The Hanging of Arthur Hodge – On the 8th May 1811, a prominent Tortola planter was hanged for the murder of his slave, Prosper. Prosper had been so severely whipped for picking a mango that he died, untreated, of his putrefying wounds. In an era when the British Virgin Islands seldom took the centre stage of history, this event caught the attention of Empire and proved a milestone on the long road to emancipation. It seems ironic that the episode is known as “the hanging of Arthur Hodge,” the title of John Andrew’s informative account.  Might it not be more appropriately known as “the murder of Prosper?” Nowadays, we give greater prominence to the victims of crime.  Focusing on Hodge may suggest that only the planter’s fate matters, ignoring the slave, one of the many who were largely voiceless at the time and, therefore, mute in the pages of history.

Yet the episode was significant precisely because Hodge hanged.  Clearly Hodge had committed the crime, yet not everyone thought he should hang for it.  Many, Hodge probably included, did not think he would hang.  The jury that condemned him recommended clemency and it was felt necessary to put troops on alert to enforce the rule of law if necessary.  The case was a milestone because it represented an unprecedented willingness to enforce the law against a planter where his victim was a slave.

On 6th March 1799, the Leeward Islands Melioration Act received Royal Assent.  Passed by the General Council of the Leeward Islands Colony, which included the Virgin Islands, it was a product of enlightened self-interest, aimed at improving conditions so that the slave population could be maintained “by propagation, rather than by importation.”  It showed the way the wind had begun to blow, anticipating the abolition of the slave trade throughout the British Empire in 1807.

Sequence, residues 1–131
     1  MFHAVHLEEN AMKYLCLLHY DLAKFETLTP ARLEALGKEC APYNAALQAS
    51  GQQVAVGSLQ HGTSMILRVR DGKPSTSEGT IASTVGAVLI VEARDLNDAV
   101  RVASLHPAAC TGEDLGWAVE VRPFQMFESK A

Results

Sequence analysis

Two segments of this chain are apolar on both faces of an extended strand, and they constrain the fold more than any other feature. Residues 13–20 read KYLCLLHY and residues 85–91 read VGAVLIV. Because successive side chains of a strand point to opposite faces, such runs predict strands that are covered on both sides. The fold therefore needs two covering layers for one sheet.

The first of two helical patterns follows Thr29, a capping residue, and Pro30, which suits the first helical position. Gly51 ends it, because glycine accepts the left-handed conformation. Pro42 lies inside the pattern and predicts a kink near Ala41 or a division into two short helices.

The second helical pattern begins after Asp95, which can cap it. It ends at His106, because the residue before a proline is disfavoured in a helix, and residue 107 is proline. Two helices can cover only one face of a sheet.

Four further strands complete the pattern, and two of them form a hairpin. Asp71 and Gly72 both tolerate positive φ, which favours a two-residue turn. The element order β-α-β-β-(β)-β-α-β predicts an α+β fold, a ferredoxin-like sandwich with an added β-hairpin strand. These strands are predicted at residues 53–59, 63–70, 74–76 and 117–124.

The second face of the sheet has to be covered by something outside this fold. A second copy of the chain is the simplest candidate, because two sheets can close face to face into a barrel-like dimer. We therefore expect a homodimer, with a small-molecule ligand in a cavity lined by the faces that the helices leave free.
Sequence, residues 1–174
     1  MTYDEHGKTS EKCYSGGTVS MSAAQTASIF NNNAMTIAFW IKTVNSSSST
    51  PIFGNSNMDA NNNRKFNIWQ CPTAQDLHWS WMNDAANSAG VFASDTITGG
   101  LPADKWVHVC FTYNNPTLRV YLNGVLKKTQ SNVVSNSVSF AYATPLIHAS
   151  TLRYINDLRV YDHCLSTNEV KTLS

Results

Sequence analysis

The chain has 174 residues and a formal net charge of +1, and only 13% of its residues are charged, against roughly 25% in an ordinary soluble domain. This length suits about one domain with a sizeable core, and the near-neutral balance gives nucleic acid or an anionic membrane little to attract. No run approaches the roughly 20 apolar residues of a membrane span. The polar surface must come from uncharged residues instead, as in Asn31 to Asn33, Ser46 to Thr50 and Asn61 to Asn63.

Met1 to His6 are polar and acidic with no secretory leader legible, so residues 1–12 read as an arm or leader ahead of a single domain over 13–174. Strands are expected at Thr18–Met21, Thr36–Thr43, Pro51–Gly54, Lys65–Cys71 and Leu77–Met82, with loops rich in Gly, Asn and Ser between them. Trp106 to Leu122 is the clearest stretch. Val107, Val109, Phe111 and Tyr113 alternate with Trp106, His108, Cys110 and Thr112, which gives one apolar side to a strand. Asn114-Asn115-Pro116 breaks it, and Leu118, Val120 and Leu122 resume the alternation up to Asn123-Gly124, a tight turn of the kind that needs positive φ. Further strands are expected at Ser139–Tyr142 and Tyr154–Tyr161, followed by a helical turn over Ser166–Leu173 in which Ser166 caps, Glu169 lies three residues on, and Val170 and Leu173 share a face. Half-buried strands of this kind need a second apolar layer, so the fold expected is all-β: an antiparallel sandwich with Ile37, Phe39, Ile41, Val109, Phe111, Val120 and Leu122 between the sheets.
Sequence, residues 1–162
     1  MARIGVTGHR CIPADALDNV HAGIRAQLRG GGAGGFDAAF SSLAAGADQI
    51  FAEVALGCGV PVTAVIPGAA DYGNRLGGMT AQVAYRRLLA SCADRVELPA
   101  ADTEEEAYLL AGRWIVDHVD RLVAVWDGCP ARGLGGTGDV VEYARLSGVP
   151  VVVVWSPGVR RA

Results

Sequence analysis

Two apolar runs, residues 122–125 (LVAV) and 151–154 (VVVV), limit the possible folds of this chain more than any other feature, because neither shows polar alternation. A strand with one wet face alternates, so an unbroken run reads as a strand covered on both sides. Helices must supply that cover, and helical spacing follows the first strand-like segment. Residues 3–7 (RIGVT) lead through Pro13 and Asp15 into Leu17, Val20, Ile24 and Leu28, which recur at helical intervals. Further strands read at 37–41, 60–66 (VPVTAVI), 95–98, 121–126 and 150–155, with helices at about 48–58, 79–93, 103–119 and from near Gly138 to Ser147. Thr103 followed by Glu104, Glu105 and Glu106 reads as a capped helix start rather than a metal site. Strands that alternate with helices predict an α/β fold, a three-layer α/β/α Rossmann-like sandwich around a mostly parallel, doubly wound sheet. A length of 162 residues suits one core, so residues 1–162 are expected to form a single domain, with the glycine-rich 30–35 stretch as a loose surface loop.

The Act proved decisive in the Hodge case. Hitherto, a slave’s chattel status denied him protection of the law.  The Melioration Act changed that, providing that a white or “free-Coloured” person charged with the murder or maiming of a slave would be tried and punished in the same way as one charged with the murder or maiming of a free man.  Murder was a capital offence.

Hodge’s Counsel, William Musgrave, displayed ignorance both of the law and of the changing mood of the times when he declared of Prosper’s murder that “it was no greater offence in law for his owner to kill him than it would be to kill his dog.”  But, with colonial juries comprised of white planters, was there the will to enforce the law to the point of hanging one of their peers?  Hodge and his supporters had cause for complacency.  The previous year in Nevis, Edward Huggins had so outraged his fellow planters with public floggings of his slaves that he was censured by the Assembly and brought to trial.  The jury acquitted him.

Leeward Governor and abolitionist, Hugh Elliot, had been impotent in the face of this travesty.  When Hodge was condemned, by witnesses and jurors alienated by his anti-social conduct, it was Governor Elliot who sealed Hodge’s fate by refusing the jury’s recommendation that sentence be delayed pending possible Royal Pardon.

Elliot identified the episode’s significance:  “God grant that this severe example may teach others in the West Indies to dread a similar fate, should they forget that slaves are their fellow creatures and that their lives are protected by the Laws both of England and the Colonies”.